Brands can collect data from each of these actions to enrich their understanding of customers. Some examples of this information include email addresses or purchase histories.

Brands can collect and analyze this data in tools like customer data platforms (CDPs) or customer relationship management tools (CRMs). These tools also assist in building customer profiles so that brands can personalize their customers’ experiences based on individual preferences and actions. This approach allows brands to refine their marketing strategies by basing them on current customer behavior and preferences.

At the same time, it's crucial for brands to be transparent about how they collect, store, and use first-party data. This includes clear explanations and opportunities for customers to control their data preferences.

What can businesses achieve with first-party data?

We’ve already highlighted the possibilities for personalized marketing and enhanced customer experience that first-party data can open up. In addition, it can enable data monetization, improve product development, increase customer loyalty and retention, and optimize media and ad buying.

But the data can’t just sit by itself in your CDP/CRM. Instead, you’ll need to collaborate with other parties to make these use cases possible.

Visit our article on first-party data activation for a thorough overview of how brands can put their proprietary data to use and what options are available for performance media campaigns.

The significance of privacy in the collection and use of first-party data

First-party data often connects directly to people because it includes transactional and behavioral details from users who are identifiable or currently logged in.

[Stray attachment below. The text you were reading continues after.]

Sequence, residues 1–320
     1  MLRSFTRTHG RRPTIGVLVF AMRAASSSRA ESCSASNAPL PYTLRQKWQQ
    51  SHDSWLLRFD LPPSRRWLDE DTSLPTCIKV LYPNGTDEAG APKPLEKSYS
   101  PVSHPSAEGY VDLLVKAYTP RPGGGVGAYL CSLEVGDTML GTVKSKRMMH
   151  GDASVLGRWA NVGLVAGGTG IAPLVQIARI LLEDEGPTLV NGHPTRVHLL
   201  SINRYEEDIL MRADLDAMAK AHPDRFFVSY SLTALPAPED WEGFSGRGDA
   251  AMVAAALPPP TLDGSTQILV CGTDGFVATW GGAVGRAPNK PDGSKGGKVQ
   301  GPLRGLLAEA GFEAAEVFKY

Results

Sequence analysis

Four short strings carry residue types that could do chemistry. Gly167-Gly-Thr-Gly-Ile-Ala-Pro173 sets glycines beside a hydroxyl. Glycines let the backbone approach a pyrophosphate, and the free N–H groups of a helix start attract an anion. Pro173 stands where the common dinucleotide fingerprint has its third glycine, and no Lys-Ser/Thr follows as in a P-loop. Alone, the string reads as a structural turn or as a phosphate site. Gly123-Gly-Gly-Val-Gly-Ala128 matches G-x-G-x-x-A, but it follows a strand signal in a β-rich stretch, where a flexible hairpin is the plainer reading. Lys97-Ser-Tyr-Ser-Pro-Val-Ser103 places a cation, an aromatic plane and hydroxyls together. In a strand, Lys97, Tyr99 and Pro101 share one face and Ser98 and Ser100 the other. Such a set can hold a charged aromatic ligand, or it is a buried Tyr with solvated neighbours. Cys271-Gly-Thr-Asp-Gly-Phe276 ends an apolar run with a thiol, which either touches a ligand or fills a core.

For this reason, it’s difficult to overstate the importance of privacy in the collection and use of first-party data.

Complying with privacy laws and following best practices reduces legal risks while preserving brand reputation and integrity. And respecting customers’ privacy builds trust and fosters better relationships between businesses and their clients. 

But not all regulations are the same. First-party data has different sensitivity levels depending on the type of information covered. We'll dive into these in the next section.

Differentiating data types

When starting to put your brand’s first-party data to use, it’s critical to understand the different ways it’s handled with regard to privacy. You’re likely to see the terms “anonymous” and “pseudonymous” quite frequently here, so let’s break down what they mean.

Anonymous data

Anonymous data is data that cannot be linked to a specific person. This includes data that can - theoretically - be linked to a specific person, but doing so would require a disproportionate effort that nobody could reasonably be expected to invest. This is because any identifying information has been removed from the data - or such information hasn't been collected in the first place.

Pseudonymous data

Data classified as pseudonymous keeps those identifying factors which are removed in anonymous data. However, that information is replaced by a pseudonym (hence the name of the term) or some other type of unique identifier. This could be an email address getting replaced by a hashed email, for example.

The key difference is — unlike anonymous data — pseudonymous data can still be used to establish tracking patterns and behaviors of the person behind the pseudonym.

What these data types mean for your brand’s first-party data use